A new poll looks at how people in Georgia want to see the state spend its $4.9 billion from the American Rescue Plan. GPB’s Ellen Eldridge reports on the findings of the Georgia Budget and Policy Institute.

In this July 7, 2021, photo Georgia Gov. Brian Kemp speaks during an interview at his campaign office in Atlanta.

In this July 7, 2021, photo Georgia Gov. Brian Kemp speaks during an interview at his campaign office in Atlanta.

Credit: (AP Photo/John Bazemore)

Gov. Brian Kemp in June appointed three committees to evaluate proposals and recommend how best to use funds from the American Rescue Plan. While the committees focused on water and sewer infrastructure, broadband infrastructure and the economic impact of COVID-19, a recent poll shows Georgians want lawmakers to consider issues of health care and education.

The University of Georgia’s School of Public Affairs Survey Research Center conducted the poll, and the Georgia Budget and Policy Center analyzed and released its findings this week.

The state expects to receive about $4.7 billion in flexible federal aid, which could help offset some of the $1.2 billion in budget cuts from the state’s education system, GBPI Senior Policy Analyst Danny Kanso said.

The president's American Rescue Plan includes another $500 million in direct aid to Georgia cities and counties, and $300 million in infrastructure funding.

"Georgians want us to use the funding we have available to support policies that will jump-start our recovery and advance prosperity well into the future," Kanso said. "That means additional funding for K-12 schools, students living in poverty, financial aid to college students who can't afford tuition, Medicaid expansion, direct payments to those who need it most, and, as we look forward, new revenues to continue to sustain those investments in the future."

A screenshot of GPBI's poll question showing 64.5% of respondants want to see Georgia expand Medicaid.
Credit: Georgia Budget and Policy Institute

Georgia is one of 12 states that has so far not expanded Medicaid, and the state had the third highest uninsured population prior to the pandemic.

Medicaid expansion alone would cover nearly 500,000 Georgians and create tens of thousands of jobs, Kanso said.

"Our state could receive between $1.4 and $1.9 billion in additional incentives up front for expanding Medicaid," he said. "That funding would more than cover the cost of expansion, leaving extra funding available to address core needs in our health care system and to make long overdue investments."

But Medicaid expansion in Georgia is unlikely, as Republican state officials and lawmakers have refused to take the option under the Affordable Care Act to expand insurance for adults living in poverty. Kemp has instead offered his own partial expansion plan to the federal government, which is under review by the Department of Health and Human Services.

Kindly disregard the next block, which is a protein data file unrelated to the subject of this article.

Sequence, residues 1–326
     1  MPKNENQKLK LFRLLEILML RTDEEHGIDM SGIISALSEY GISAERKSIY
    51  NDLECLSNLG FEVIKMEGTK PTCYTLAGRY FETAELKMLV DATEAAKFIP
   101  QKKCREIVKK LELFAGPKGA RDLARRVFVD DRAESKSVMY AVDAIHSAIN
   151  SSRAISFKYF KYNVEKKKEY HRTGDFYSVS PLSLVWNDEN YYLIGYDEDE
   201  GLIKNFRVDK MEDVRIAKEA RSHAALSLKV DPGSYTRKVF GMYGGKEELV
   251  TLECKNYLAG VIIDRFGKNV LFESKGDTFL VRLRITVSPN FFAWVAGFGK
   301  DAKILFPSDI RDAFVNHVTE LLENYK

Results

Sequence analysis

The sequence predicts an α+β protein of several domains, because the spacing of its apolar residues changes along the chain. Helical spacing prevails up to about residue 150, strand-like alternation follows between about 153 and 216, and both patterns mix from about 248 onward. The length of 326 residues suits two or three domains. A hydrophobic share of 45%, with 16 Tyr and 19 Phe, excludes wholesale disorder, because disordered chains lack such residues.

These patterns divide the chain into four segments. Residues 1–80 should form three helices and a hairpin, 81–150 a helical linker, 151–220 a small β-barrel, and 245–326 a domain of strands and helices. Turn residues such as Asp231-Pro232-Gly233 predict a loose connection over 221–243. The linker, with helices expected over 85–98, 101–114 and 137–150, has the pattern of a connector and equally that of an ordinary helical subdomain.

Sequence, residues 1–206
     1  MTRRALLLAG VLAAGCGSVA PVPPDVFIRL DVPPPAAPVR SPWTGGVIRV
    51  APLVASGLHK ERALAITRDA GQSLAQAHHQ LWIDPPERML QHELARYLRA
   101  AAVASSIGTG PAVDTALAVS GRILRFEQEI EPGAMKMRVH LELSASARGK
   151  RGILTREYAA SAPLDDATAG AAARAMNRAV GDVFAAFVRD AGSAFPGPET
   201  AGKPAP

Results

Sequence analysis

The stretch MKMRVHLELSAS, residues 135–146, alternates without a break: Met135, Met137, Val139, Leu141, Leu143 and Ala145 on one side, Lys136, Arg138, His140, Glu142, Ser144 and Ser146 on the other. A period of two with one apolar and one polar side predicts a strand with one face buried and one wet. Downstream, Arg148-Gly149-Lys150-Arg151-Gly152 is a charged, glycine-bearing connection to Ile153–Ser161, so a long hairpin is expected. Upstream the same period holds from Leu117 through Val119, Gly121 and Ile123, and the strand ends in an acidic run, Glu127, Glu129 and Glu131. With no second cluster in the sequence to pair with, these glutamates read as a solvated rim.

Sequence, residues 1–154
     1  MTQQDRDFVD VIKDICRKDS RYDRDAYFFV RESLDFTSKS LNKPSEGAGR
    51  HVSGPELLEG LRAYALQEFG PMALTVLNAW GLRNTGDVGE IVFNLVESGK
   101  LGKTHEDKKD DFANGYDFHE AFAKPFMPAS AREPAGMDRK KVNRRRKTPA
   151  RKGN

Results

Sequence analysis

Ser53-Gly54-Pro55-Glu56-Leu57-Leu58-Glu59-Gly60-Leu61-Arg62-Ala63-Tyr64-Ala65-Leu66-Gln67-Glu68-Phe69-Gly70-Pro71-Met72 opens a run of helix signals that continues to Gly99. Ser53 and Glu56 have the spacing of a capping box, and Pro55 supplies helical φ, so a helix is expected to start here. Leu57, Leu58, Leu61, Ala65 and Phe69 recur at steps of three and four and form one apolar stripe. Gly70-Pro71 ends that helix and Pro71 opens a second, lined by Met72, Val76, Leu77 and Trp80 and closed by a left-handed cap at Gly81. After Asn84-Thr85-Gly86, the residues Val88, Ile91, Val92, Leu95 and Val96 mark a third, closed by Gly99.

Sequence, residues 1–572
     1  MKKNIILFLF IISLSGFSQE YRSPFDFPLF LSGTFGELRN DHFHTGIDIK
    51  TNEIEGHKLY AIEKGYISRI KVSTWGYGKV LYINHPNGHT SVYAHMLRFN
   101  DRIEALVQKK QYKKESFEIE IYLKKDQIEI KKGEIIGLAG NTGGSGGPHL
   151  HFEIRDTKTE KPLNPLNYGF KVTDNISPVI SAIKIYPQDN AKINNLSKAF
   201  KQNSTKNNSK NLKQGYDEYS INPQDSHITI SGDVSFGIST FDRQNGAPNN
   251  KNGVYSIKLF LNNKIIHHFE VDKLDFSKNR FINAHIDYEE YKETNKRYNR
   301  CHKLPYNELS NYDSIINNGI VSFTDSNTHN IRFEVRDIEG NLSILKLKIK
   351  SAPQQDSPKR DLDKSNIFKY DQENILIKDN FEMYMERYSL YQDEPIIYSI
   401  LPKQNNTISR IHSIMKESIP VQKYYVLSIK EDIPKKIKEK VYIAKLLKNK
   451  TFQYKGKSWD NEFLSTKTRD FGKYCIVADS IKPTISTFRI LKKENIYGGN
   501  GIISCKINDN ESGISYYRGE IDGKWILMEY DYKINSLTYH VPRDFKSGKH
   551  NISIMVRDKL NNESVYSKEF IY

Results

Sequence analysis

The Biden administration has already rejected aspects of the proposal, suggesting that the plan will not get federal approval.

GBPI believes that providing a pathway to better health care coverage would not only help with health care access generally but also address the racial disparities exposed and exacerbated by the pandemic.

Boy with red and blue shirt has heart listened to.
Credit: Photo by Zach Vessels / Unsplash

"We know in the coverage gap, looking at that population in Georgia, about 36% of the people in the coverage gap in Georgia are Black, 22% are Latinx," Laura Harker said when the American Rescue Plan was proposed. "So about 60% of people in the coverage gap are people of color. That's a huge disparity that expanding Medicaid would help to increase access for people of color in our state."

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The poll shows Georgians overwhelmingly expressed a need for real and, more importantly, targeted relief that goes to those who need it most, Kanso said. That means using relief funding to invest in the core areas of health care, education and additional direct economic support as well as restoring budget cuts.

While the American Rescue Plan provides an unprecedented opportunity for the state, federal funding alone will not sustain a lasting recovery, Kanso said.

He suggested looking at new sources of revenue such as the tobacco tax, and trimming back special interest tax breaks such as the film tax credit.

"We can keep those revenues and use those for what is needed most across our state," he said.

Part of funding education is investing in school transportation, for which funding levels have fallen from about 50% to 20%, GBPI Director of Strategic Communications Caitlin Highland said.

"And particularly when school districts are underfunded anyways, particularly when there are additional challenges being placed on these schools," Highland said. "We think that that is a missed opportunity to support our local schools, and, clearly, Georgians here agree because over 66% of people support or somewhat support this as well."